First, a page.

If the brand of legislative rhetoric set forth in the Land Adjustment Act has undertones of a grab of federally-managed public lands, it also seems to have roots in sound conservation: Most of the 30 tracts included in the bill are indeed isolated from the “core lands” of the Chattahoochee-Oconee National Forest, surrounded by private land and lacking in adequate public access. And if the Forest Service does sell any of these tracts, the agency is bound by the Land Adjustment Act to use the proceeds to buy up more land with greater value in terms of continuity, accessibility, and wildlife habitat elsewhere along or within the borders of the CONF.

“Not a lot of people know what we have here,” Jenkins told me as we left the tiny crossroads town of Tiger, Georgia, and embarked on the short drive to the parcel in question. “The problem that arises with the Boggs Mountain tract in particular is that it just doesn’t fit any of the stated criteria put forth in the Land Adjustment Act.”

As he told me about the land and the controversy that has swirled up around it in the wake of the Land Adjustment Act, Jenkins was careful to express the nuance of his fellow advocates’ position on the Boggs Mountain issue. In his opinion, the stated goals of the Land Adjustment Act—consolidating far-flung, isolated parcels of forest land, increasing hunting access, improving wildlife habitat, etc.—make a lot of sense.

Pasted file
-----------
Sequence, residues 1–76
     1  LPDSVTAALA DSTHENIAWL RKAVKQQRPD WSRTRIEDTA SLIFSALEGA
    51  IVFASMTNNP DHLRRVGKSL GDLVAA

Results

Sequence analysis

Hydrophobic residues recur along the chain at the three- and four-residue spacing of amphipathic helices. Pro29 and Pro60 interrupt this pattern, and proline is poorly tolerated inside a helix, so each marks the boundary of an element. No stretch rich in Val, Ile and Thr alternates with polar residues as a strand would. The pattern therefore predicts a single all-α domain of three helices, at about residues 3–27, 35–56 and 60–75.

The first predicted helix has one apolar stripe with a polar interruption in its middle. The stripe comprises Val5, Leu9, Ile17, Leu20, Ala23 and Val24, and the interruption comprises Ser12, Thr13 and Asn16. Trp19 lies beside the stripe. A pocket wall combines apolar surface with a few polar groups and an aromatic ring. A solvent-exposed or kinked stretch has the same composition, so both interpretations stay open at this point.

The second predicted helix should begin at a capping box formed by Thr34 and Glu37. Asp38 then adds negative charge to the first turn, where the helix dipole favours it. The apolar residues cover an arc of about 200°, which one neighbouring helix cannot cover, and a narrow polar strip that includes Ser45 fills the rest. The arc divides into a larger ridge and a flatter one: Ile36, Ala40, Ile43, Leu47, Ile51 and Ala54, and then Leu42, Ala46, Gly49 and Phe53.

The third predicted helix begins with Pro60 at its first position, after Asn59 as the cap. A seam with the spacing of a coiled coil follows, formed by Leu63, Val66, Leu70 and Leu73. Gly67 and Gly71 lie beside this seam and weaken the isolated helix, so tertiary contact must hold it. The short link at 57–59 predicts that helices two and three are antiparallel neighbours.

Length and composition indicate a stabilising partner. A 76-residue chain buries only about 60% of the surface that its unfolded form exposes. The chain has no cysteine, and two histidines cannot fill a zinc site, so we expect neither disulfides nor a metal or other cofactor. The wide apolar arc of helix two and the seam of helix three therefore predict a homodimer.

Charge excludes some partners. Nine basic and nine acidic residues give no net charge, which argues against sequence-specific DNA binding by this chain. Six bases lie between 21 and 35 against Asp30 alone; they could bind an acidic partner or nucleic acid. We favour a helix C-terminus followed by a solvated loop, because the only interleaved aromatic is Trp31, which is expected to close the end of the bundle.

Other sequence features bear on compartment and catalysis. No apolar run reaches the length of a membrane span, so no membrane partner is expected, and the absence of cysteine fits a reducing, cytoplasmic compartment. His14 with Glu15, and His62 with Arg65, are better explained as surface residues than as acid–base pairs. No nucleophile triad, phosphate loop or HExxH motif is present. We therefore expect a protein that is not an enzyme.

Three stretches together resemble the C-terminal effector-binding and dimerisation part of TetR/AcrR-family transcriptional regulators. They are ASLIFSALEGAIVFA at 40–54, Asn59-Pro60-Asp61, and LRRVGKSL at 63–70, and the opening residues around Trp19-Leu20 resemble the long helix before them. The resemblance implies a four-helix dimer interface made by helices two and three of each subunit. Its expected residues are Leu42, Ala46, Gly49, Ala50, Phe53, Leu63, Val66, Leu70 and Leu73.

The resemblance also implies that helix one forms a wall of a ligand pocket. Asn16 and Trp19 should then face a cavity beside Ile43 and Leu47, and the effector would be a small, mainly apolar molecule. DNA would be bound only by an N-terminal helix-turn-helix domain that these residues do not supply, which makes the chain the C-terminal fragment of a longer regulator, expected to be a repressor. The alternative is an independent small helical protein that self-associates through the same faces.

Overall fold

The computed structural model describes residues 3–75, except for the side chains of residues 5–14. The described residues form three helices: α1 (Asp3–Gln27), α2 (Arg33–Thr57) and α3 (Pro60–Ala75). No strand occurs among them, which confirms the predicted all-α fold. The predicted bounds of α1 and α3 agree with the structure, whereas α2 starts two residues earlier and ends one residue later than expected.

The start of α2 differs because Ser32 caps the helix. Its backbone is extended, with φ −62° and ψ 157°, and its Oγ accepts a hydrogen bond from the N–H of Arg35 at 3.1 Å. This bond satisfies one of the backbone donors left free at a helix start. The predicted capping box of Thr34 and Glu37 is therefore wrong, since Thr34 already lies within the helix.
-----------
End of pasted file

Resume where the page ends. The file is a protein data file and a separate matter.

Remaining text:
“We support the Land Adjustment Act. We just don’t understand why the Boggs Mountain tract is on the list,” he said. “From our perspective, this is a Forest Service issue, and the Forest Service needs to take this particular tract off the list of properties that are authorized for sale under the Land Adjustment Act.”

As we continued down U.S. 441, Jenkins pointed to a swath of forested land that constitutes the back side of the Boggs Mountain tract. To our right, the Chattahoochee-Oconee National Forest continues on: the two sections of forest land separated only by the ribbon of county highway we were traveling. Boggs Mountain provides valuable connectivity, Jenkins tells me, to the western boundary of the Chattooga River Ranger District of the CONF. Connectivity is a common phrase in the parlance of ecologists, wildlife biologists, and conservation land managers. It refers to the interconnectedness of separate patches of habit and the degree to which resident wildlife is afforded passage between them.